Tudyk took his first clowning class with Christopher Bayes during his Juilliard days in the 1990s—and returned to the director for another clowning intensive in Los Angeles before he started shooting Resident Alien.
“I’m a huge proponent of clowns,” the actor said. “Now, a lot of people are down on the clowns. They think It, they think maybe that creepy clown in Venice Beach that wears dirty white makeup and makes very suggestive balloon animals... That’s not the clown I’m talking about.”
The clowns Tudyk is talking about are those from the European Lecoq school of clowning; the Bill Irwin and Charlie Chaplin types, and even Wall-E. “That is one of the best clown stories,” Tudyk said of the Pixar flick. “That first portion of Wall-E is all clown.”
As for how it helped him play an alien, Tudyk said, “One principle of clowning is that clowns are what you would get if you never told a child ‘no.’ That curious, rambunctious child that doesn’t know where any of the lines are drawn... That is, in a lot of ways, how Harry operates.”
Harry isn’t the only oddball character Tudyk will play on Syfy in the coming weeks, either. On Feb. 6, Syfy’s animated series Devil May Care will also premiere—with Tudyk at its center playing Satan.
The show, which takes its cues from classic Adult Swim animation, is built around the idea that everything that is useless on Earth ends up in hell. The Devil isn’t so much a “villain,” Tudyk explained, but instead just a guy who wants to make the underworld a better destination. “He doesn’t want to do all that torture stuff anymore; he just wants it to be a fun place,” Tudyk said. “It’s full of monsters and demons—and torture here and there, but people seem to enjoy the torture.”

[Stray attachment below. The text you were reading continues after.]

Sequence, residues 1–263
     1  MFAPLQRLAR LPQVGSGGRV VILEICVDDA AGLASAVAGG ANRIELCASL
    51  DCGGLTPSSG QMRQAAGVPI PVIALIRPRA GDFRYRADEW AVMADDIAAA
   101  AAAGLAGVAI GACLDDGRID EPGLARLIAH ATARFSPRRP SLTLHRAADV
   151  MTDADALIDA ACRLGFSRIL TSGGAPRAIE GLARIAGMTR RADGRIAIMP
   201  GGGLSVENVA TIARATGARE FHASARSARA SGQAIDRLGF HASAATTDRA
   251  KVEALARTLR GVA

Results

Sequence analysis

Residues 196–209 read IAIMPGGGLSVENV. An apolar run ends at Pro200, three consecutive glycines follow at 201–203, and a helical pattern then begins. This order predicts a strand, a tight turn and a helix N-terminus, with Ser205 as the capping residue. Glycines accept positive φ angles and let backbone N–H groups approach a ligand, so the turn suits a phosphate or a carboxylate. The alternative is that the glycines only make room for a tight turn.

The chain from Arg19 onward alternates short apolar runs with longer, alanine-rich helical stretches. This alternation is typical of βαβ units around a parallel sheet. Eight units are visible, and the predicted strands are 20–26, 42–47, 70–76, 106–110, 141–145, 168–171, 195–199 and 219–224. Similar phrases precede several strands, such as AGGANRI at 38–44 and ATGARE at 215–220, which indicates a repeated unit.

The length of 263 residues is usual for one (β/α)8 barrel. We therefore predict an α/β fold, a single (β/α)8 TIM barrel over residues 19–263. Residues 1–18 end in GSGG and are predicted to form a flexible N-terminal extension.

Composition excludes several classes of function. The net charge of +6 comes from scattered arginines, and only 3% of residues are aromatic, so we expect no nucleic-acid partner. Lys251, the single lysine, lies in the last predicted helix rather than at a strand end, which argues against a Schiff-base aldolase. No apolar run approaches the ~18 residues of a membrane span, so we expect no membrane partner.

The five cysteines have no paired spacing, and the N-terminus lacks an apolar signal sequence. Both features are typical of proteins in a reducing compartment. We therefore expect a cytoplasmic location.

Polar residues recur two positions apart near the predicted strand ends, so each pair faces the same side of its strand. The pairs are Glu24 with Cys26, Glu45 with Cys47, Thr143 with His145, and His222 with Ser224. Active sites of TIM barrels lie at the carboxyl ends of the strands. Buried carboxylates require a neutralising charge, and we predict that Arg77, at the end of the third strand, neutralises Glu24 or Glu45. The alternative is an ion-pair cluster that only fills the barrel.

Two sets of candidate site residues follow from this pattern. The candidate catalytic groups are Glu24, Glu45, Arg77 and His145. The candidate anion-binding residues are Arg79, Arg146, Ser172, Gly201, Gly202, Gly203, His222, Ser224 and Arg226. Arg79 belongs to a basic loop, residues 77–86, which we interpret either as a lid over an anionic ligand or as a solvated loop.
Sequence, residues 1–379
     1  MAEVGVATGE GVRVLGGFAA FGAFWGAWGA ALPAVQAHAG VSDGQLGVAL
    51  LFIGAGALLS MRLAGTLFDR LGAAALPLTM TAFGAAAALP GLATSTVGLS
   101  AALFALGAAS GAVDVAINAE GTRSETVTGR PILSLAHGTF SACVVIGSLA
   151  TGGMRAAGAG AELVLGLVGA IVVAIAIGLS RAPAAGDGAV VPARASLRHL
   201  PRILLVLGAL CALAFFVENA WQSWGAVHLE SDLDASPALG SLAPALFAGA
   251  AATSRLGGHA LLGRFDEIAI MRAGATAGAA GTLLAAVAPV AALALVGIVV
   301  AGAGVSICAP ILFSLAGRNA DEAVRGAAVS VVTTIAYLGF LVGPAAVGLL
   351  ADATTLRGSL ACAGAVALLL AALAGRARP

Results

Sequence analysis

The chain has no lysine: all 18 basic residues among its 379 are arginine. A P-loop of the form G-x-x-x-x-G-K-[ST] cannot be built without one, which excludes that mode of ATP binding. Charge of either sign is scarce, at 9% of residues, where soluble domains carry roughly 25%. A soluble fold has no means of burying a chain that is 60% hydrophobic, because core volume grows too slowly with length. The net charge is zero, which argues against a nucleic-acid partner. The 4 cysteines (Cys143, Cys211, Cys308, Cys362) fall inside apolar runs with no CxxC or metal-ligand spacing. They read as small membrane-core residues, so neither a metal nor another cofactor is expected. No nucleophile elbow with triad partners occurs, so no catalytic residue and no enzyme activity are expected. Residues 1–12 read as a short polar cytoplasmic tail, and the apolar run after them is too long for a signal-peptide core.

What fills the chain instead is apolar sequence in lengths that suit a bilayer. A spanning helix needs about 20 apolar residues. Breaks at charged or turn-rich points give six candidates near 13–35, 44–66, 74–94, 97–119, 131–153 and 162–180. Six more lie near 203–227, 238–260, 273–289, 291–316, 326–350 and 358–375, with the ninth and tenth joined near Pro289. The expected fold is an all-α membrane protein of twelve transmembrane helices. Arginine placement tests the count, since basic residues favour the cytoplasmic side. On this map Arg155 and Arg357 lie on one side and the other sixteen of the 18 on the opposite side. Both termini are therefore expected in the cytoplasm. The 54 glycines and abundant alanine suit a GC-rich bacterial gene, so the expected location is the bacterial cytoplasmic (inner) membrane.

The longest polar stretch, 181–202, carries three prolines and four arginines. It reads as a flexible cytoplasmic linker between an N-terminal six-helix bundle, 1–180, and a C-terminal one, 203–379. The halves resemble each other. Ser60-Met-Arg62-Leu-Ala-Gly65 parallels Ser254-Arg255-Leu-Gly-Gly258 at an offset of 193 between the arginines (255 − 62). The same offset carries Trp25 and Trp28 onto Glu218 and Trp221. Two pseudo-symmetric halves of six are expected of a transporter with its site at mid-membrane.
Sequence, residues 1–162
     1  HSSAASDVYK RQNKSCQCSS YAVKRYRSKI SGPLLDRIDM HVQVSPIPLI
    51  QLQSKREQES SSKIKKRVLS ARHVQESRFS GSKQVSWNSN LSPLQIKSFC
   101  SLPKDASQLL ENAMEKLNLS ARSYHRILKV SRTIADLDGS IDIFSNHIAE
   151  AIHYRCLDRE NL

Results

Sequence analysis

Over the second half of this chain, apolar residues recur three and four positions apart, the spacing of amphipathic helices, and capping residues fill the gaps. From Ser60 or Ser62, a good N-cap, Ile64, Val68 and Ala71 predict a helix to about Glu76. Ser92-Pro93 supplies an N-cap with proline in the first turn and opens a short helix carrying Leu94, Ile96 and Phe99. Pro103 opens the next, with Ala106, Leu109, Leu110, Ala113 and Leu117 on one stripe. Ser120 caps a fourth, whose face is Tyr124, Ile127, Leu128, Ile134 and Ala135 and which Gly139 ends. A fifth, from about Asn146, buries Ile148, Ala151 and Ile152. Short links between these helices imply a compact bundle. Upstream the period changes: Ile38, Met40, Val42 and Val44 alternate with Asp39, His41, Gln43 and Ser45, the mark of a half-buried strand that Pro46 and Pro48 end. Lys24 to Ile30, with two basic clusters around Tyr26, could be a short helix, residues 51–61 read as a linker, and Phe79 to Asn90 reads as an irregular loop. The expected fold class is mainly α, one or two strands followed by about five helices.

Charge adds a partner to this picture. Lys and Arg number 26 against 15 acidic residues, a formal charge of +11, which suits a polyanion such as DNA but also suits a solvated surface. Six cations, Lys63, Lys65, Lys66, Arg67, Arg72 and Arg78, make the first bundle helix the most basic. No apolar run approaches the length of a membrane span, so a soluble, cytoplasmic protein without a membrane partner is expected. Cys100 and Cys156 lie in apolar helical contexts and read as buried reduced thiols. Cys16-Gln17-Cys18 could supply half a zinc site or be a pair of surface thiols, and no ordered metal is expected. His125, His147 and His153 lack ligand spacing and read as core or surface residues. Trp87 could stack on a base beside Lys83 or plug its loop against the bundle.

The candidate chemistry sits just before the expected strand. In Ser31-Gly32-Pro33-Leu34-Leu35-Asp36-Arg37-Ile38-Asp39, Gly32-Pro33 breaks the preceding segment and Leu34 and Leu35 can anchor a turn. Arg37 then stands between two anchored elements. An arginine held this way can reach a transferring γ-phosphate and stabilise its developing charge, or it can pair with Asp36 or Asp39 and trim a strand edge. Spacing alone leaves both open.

And as much as Tudyk has to look forward to this year, 2021 also marks a fascinating time to look back on one of his earliest hits, as A Knight’s Tale turns 20 in May.
In a distinctly pre-2010s recollection, Tudyk noted that the entire cast brought cameras with them throughout filming in the Czech Republic, and spent the duration of the shoot taking photos on set and in precarious pedi-cabs. He remembers one snapshot in particular: a selfie star Heath Ledger took during the scene in which Tudyk’s character, Wat, “delivers” a kiss from Jocelyn, Ledger’s character William’s love interest.
“When we rehearsed it, Heath took the camera—he had this little Leica camera—and as I kissed him, and [as] I’m just pulling away to spit because Wat spits, Heath took the picture... He’s staring at the camera with this little, bitty, wry smile. It’s a great picture he took of the two of us.”